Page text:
Can I Trademark a Flavor?
No. But you can trademark the name of a flavor.
Flavors themselves cannot be trademarked because they represent a functional aspect of the product you’re selling. And while you may think that, since trademarks are designed to distinguish one product from another—and flavor is one one of the best ways to separate your product from another, flavors should be trademarkable, unfortunately they are not due to their functional nature. Beyond that, how would the United States Patent and Trademark Office (USPTO) determine whether a flavor was unique? And how would you go about enforcing, say, a trademark on a cherry flavor?
Now, just because the actual taste of a flavor cannot be trademarked does not mean that you cannot trademark a name, logo, or slogan for a particular flavor. A unique name, logo, or slogan for a (maybe not so unique) flavor of food or beverage can be trademarked so long as you’re using that name, logo, or slogan as a major part of the brand identity for that flavor. Take Buffalo Wild Wings, who has trademarks for “Wild” and “Blazin'” to denote two of their spiciest flavors. One thing to watch out for, though, is whether the name of your flavor is merely generic or descriptive of the flavor, which would cannot be trademarked.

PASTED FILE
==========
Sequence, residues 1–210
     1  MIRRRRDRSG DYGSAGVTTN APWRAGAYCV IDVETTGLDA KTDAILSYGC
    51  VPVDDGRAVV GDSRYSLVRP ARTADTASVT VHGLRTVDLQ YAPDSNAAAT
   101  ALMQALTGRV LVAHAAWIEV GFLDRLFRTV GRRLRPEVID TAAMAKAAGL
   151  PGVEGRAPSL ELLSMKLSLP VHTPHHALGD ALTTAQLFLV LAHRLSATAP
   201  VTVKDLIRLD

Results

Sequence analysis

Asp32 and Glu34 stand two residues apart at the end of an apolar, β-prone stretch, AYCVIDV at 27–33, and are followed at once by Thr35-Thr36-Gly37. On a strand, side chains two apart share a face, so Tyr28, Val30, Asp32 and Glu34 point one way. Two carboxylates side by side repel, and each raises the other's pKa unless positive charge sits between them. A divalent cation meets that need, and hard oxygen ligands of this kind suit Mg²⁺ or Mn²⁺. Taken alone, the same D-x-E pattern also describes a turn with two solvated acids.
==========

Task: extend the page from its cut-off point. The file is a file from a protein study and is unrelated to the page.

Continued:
If you are developing a new flavor of food or drink and are interested in registering a trademarking for it, contact us today to speak with trademark attorney Eric Norton to discuss whether your flavor’s name meets the requirements for a registered trademark.